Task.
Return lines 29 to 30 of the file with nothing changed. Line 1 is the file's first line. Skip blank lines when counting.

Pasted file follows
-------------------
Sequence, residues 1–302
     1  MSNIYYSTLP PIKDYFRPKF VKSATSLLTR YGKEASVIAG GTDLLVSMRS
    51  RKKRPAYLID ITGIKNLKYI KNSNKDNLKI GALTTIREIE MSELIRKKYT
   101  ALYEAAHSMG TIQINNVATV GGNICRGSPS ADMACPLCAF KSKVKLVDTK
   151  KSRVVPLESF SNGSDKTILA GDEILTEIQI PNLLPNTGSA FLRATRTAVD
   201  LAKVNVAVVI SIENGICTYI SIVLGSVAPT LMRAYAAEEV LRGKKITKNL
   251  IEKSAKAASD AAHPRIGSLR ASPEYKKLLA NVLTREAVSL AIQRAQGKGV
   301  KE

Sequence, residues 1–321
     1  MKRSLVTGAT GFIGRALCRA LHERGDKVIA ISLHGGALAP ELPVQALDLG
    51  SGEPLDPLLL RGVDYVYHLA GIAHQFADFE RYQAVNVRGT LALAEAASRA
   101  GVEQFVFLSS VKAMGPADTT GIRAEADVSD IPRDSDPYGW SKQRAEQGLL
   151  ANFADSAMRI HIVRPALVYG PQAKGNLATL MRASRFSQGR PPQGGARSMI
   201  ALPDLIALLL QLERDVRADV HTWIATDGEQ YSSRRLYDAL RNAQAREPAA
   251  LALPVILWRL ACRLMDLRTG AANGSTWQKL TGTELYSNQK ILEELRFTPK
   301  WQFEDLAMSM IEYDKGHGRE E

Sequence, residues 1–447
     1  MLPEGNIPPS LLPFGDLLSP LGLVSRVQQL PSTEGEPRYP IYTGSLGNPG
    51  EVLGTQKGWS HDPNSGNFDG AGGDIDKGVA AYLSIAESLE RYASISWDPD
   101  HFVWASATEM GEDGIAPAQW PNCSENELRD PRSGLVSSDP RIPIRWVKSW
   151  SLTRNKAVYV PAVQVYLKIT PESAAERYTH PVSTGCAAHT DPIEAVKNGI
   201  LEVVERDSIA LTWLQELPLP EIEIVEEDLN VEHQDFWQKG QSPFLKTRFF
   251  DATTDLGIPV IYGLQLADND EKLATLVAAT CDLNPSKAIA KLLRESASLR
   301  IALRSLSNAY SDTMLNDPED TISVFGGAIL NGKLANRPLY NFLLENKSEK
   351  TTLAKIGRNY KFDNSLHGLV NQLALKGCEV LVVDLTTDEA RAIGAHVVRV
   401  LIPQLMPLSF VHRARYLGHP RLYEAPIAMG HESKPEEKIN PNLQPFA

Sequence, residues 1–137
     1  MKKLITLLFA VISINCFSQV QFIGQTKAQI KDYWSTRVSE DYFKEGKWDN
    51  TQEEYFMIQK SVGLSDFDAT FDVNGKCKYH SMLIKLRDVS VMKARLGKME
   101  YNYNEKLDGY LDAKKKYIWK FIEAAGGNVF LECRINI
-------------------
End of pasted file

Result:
    51  TQEEYFMIQK SVGLSDFDAT FDVNGKCKYH SMLIKLRDVS VMKARLGKME
   101  YNYNEKLDGY LDAKKKYIWK FIEAAGGNVF LECRINI